Wildflower Power

Did you enjoy any particularly beautiful countryside this National Picnic Week? Perhaps a bouquet of flowers this National British Flowers week?  We take a look at the hidden role of wildflowers in enriching these pastimes, including their underlying role in supporting our wildlife and economy.

Zigzag harebells at Box Hill, Surrey ©National Trust Images/A Wright

Planting wildflowers is certainly in vogue at the moment, which is great news for our wildlife.

Recently featured on Springwatch, the benefits of wildflowers for nature have led to a number of organisations and local authorities across the country running initiatives to encourage greater wildflower planting.

Planting wildflowers is something practical we can all do. It helps vital species, like pollinators, and supports the natural processes which underlie our economy. They also enhance the appearance of our countryside, parks and gardens. [And save time on lawn mowing!]

Why flowers are good for nature

Back in 2009, government advisor Sir Robert Watson was encouraging gardeners to plant more wildflowers, to help and protect vulnerable species of birds and butterflies from climate change.

Wildflowers are particularly significant as they support a number of key insect species and pollinators, many of whom are in steep decline or endangered.

Increased variety and numbers of insects in-turn help the wider food chain; helping struggling wildlife and birds.

Ultimately, these benefits aren’t just good for nature; they support us and our food system too.

The Rose Garden at Cliveden, Buckinghamshire ©National Trust Images/Andrew Butler

Save the bees

Wildflowers are great for helping our struggling bees, whose work pollinating underpins much of our food system and grower industries.

In 2007 The National Audit Office estimated bees’ economic contribution to be £200 million a year, supporting key grower industries including strawberries, apples, raspberries and oil seed rape.

The total retail value of what bees pollinate was estimated at around £1bn.

With fewer bees, research form the University of Reading suggested our food prices and imports would increase dramatically, with significant, even catastrophic, harm to our ecosystem.

Bee on lavender at Avebury, Wiltshire ©National Trust Images/Richard Bradshaw

What we’re doing

Thankfully, a study in Nature found that when bumble bees lived near an area rich in wildflowers, chances of annual survival increased up to four times.

We’re playing our part through initiatives at our places to help bees and promote wildflowers, part of our wider aim for a healthier, more beautiful natural environment.

More broadly, we’ve also been working to demonstrate how nature and natural processes contribute to and underpin our economy, through our Natural Markets project.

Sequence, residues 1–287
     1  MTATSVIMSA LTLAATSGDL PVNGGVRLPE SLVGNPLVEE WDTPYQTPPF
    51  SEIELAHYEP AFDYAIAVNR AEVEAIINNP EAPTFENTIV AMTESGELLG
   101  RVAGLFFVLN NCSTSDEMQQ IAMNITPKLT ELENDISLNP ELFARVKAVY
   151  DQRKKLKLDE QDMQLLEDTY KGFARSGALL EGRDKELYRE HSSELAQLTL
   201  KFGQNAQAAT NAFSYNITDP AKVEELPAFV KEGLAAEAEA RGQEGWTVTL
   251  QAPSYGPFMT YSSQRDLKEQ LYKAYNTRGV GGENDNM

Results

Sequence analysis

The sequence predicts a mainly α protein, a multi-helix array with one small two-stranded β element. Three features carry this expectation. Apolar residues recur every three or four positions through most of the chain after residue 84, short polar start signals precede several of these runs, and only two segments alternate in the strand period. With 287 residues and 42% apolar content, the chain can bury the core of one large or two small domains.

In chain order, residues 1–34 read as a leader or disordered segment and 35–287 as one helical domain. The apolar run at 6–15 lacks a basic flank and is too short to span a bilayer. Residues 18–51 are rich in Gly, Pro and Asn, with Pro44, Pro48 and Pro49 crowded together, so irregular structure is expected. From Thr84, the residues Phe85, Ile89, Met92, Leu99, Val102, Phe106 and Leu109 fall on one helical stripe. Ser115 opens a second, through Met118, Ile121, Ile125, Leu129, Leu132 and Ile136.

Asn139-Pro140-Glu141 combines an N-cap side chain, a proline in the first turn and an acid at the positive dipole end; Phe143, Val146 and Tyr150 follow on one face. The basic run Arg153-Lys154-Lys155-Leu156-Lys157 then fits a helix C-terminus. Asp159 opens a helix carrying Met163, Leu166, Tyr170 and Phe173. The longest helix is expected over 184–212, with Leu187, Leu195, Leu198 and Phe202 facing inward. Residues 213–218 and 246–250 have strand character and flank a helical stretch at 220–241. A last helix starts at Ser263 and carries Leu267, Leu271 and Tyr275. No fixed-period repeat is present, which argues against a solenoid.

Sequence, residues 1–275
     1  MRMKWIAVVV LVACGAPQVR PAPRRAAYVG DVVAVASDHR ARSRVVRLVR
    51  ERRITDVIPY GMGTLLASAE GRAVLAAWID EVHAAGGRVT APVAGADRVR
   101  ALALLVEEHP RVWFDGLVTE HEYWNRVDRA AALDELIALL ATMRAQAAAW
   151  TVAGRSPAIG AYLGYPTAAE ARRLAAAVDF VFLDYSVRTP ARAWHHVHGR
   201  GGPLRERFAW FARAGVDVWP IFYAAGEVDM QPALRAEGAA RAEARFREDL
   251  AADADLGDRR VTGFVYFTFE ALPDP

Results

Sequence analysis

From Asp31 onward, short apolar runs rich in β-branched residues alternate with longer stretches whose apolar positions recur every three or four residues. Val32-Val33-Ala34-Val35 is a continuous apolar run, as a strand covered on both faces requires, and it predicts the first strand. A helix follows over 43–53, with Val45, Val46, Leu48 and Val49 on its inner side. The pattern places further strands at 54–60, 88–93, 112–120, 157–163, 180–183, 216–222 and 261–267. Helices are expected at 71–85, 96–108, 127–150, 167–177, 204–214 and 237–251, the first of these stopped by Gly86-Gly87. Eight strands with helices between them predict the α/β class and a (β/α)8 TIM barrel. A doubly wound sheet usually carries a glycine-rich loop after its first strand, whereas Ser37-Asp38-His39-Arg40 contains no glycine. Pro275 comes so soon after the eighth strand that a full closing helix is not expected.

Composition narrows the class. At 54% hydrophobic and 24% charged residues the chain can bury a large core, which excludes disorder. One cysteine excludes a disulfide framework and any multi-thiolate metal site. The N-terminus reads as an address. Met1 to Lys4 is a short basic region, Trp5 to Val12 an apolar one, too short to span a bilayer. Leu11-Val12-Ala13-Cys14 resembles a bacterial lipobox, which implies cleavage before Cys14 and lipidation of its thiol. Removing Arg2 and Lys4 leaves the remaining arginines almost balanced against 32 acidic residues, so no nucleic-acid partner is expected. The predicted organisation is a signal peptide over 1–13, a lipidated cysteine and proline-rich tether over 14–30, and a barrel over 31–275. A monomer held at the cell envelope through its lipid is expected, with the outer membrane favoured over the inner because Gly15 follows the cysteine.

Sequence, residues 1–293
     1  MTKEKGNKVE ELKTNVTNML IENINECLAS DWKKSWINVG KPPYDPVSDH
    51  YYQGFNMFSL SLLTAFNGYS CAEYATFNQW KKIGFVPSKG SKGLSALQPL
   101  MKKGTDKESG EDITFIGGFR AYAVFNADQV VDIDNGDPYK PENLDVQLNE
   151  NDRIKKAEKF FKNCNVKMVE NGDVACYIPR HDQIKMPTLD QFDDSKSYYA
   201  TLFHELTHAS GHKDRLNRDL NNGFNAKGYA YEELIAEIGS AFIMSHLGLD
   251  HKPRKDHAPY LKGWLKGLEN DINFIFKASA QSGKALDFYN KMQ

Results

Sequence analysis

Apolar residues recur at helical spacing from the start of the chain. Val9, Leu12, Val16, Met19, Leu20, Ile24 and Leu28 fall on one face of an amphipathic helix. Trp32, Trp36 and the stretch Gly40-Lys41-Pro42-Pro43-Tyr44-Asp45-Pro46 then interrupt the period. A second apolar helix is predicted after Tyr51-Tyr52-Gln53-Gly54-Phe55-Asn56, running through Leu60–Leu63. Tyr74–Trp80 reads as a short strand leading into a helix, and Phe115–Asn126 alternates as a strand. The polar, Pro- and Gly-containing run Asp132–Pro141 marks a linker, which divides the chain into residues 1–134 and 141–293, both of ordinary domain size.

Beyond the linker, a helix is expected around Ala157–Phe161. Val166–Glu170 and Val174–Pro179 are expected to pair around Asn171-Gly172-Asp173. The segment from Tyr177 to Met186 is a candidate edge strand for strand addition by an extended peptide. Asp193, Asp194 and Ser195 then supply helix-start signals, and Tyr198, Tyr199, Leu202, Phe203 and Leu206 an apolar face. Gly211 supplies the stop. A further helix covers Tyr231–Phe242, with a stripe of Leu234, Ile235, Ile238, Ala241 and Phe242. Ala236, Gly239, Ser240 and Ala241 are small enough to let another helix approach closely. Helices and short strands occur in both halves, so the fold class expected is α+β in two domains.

Our most recent paper explores our reliance on nature and underlying natural processes, the value of conservation, and ways these processes can be integrated into farming for the benefit of everyone, alongside the health and preservation of our environment.

An example of our work in action

At Pentire Head, we’ve worked with Plantlife to create our first “transformational site”.

Here our arable land is managed as a nature reserve with the help of the Higher Level Stewardship Scheme (HLS), which helps provide additional funding and guidance.

This year we aim to set up further monitoring, to better track how our plants are getting on.

We’ve also started an ambitious programme of re-creating wildflower rich-grasslands across much of the Pentire farm, including sowing yellow rattle in a number of places. The scale of what we are seeking to achieve here is considerable, almost farm-scale.

Our own and neighbouring local farmers will significantly benefit from these enhancements, providing a model for how farming and wildlife can effectively work together.

Pentire Farm at Pentire Headland, Cornwall. ©National Trust Images/John Miller

What we can all do

Whether in a small section of a garden, a field, grass verge or window box, planting wildflowers is easy, satisfying, and can greatly benefit the environment.

This summer we’re supporting Plantlife’s Great British Wildflower Hunt, a great opportunity to go out, enjoy the countryside, and learn about native species whilst helping to survey wildflower populations.

We also have a number of wonderful wildflower walks, where it’s possible to see first-hand the beautiful benefits of wildflowers in action.

For more information on walks and other events for National Meadows Day, please visit our website, and search for “wildflowers”.

Blog by Philip Box, Campaigns and Policy Volunteer, National Trust.

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